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Bots Driving Click Fraud

Click fraud due to botnets doubled from the first to second quarter this year, says Click Forensics. And overall click fraud rates are up.

Botnets are driving up click fraud, according to Click Forensics, a click auditing company.

"This is a growing problem for the industry and one that's getting worse and not better," said Tom Cuthbert, president and CEO of Click Forensics.

The company's findings are based on data from its Click Fraud Network, which attempts to identify and track pay-per-click advertising fraud across over 4,000 online advertisers and ad agencies.

Click Forensics claims that the overall industry average click fraud rate during the second quarter of the year was 15.8%, up from 14.8% in the previous quarter and from 14.1% during the second quarter of 2006. Traffic from botnets -- coordinated groups of computers that have been subverted by an attacker -- doubled from first quarter to the second quarter this year, the company says.

Last month, the FBI said it had identified about 1 million compromised computers, or bots, in the United States.

Click fraud on content publishing networks, such as Google AdSense and Yahoo Publisher Network, jumped from 21.9% in the first quarter to 25.6% in the second, according to Click Forensics.

Content publishing networks tend to exhibit higher rates of questionable clicks because publishers have a financial incentive to participate in click fraud. Of course, everyone involved has a financial incentive: Click Forensics' business depends on the fear of click fraud.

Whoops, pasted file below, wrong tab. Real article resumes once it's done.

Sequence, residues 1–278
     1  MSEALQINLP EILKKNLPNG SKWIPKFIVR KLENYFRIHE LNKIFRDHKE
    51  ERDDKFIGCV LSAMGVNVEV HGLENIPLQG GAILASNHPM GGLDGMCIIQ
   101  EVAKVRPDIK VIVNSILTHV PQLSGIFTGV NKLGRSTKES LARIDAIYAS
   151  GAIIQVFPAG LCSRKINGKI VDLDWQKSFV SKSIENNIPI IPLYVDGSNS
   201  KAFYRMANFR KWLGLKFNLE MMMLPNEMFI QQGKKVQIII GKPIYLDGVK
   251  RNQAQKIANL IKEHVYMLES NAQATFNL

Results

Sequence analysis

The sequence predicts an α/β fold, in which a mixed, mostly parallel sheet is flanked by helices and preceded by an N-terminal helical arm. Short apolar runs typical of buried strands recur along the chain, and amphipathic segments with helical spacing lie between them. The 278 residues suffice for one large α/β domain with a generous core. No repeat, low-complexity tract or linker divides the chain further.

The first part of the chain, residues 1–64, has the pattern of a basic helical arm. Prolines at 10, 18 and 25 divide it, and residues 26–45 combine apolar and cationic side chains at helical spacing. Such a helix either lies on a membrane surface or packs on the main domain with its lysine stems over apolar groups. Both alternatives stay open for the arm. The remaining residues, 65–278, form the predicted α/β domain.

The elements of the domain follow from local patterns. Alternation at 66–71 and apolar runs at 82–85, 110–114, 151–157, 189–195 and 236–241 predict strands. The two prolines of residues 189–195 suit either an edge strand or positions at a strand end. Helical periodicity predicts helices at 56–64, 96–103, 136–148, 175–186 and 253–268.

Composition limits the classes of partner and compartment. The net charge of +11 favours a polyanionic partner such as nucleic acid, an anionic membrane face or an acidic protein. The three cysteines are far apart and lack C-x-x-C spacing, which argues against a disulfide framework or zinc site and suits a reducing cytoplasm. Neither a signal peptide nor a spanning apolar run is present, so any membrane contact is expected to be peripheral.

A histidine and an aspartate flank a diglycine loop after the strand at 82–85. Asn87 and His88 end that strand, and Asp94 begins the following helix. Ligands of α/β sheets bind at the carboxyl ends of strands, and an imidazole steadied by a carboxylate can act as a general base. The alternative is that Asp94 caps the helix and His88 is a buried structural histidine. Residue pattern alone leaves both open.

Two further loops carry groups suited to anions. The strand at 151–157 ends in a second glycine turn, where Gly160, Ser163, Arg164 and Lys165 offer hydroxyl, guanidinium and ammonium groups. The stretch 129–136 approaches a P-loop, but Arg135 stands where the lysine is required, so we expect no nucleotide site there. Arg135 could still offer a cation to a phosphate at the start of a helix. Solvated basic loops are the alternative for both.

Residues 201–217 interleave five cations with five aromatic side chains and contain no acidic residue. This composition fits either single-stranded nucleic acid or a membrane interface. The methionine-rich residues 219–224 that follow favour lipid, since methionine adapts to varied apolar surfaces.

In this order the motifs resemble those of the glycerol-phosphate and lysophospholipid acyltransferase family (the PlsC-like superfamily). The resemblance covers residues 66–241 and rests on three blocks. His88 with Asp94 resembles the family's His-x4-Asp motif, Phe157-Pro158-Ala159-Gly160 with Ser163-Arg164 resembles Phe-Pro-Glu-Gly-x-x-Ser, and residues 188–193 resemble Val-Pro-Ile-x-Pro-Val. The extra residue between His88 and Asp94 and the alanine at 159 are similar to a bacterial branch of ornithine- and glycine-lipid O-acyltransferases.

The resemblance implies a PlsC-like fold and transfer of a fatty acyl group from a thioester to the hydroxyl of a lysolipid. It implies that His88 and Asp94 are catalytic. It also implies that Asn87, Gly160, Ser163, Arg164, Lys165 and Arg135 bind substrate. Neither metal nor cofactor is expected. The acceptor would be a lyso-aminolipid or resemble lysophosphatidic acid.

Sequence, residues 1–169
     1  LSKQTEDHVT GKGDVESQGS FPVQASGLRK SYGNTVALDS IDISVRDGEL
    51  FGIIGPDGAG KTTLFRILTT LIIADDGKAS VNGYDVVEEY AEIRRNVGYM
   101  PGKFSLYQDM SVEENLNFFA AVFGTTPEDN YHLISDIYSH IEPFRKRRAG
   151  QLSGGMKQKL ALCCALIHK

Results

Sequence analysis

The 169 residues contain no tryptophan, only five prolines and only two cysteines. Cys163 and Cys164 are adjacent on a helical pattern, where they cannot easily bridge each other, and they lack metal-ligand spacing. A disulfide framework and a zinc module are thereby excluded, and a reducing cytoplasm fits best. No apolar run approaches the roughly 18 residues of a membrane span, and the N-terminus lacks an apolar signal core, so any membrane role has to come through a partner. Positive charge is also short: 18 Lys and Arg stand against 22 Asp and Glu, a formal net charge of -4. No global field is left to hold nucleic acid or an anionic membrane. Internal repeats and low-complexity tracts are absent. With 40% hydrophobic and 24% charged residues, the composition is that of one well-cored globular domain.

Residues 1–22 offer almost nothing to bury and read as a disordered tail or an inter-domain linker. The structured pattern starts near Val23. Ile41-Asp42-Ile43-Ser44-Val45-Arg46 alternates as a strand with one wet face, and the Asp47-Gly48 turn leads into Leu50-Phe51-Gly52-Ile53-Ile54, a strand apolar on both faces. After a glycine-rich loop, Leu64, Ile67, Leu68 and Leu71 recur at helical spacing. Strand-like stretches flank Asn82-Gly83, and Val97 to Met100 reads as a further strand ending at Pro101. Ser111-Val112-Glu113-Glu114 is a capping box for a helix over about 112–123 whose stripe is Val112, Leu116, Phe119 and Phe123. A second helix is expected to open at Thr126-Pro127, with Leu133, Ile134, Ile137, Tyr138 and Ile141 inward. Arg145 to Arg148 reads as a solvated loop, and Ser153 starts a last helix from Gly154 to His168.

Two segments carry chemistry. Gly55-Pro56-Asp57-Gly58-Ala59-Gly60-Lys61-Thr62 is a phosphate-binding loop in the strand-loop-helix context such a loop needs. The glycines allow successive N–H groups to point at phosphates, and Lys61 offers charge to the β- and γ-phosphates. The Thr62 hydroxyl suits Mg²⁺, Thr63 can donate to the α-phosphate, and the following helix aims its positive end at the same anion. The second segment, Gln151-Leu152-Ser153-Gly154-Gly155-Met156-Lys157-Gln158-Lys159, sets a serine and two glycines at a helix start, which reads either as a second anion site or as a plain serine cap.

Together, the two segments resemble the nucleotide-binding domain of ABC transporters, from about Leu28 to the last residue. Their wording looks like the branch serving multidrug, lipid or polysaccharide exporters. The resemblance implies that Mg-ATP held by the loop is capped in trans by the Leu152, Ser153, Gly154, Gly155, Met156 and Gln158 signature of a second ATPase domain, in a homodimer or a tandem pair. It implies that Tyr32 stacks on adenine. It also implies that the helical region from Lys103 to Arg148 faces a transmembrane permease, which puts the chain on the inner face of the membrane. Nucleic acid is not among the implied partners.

Google also benefits from click fraud because it sells clicks. But it fights click fraud all the same because customer trust is worth more.

On Wednesday, a member of Google's AdWords team posted an update on Google's efforts to fight click fraud. Google has recently introduced a way for advertisers to keep their ads off of certain sites. It has made an effort to be more transparent in how it deals with click fraud. The company has even published research on click fraud botnets.

Back in January, Google's Shuman Ghosemajumder, business product manager for trust and safety at Google, accused Click Forensics of "basic counting mistakes and inflating the number of clicks by an average of 40%."

But Cuthbert don't accept this. "We're confident in our methodology," he said.

Google's position remains the same. "These estimates continue to count clicks Google does not charge to advertisers as fraudulent, so they are not actually click fraud estimates," said Google spokesperson Barry Schnitt in an e-mail. "Furthermore, their estimates have never reflected the invalid click rates we see at Google. It is also worth noting that in all of 2007, only two advertisers have contacted us regarding click fraud data from Click Forensics, and in both cases we found that the suspicious activity was not charged for in the first place."

In addition to botnets, Cuthbert contends that parked domains are contributing to the alleged growth of click fraud. "Parked domains and made for ads sites are contributing as very large percentage of the low-quality networks in the ad networks," he said. Though he declined to provide more specific figure than "a very large percentage," he said he expected Click Forensics would eventually provide one.

Domain parking is the practice of putting ads on a placeholder Web page to collect pay-per-click fees generated by type-in traffic -- many people type search terms into the URL bar, forcing the browser to resolve them as domain names -- or search-driven traffic. Google offers AdSense for Domains to those who aim to monetize content-free sites, and it defends the service as useful.

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